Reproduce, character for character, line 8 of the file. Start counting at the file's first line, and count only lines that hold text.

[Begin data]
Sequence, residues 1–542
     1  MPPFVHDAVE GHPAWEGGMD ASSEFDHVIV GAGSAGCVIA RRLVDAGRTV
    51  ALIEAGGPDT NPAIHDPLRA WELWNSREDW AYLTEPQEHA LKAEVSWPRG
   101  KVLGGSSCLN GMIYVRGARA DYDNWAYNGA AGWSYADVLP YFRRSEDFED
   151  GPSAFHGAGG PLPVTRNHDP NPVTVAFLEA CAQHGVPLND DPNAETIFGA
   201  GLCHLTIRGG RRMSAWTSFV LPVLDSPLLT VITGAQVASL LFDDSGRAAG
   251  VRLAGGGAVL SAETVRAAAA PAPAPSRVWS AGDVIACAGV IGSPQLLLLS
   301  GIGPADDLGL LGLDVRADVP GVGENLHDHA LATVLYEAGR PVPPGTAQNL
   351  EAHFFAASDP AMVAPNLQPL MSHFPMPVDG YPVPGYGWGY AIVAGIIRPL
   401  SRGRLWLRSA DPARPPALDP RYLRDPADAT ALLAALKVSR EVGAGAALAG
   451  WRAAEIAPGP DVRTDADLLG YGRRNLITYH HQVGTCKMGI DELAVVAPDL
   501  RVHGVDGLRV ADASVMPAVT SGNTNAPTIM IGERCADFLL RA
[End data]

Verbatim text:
   301  GIGPADDLGL LGLDVRADVP GVGENLHDHA LATVLYEAGR PVPPGTAQNL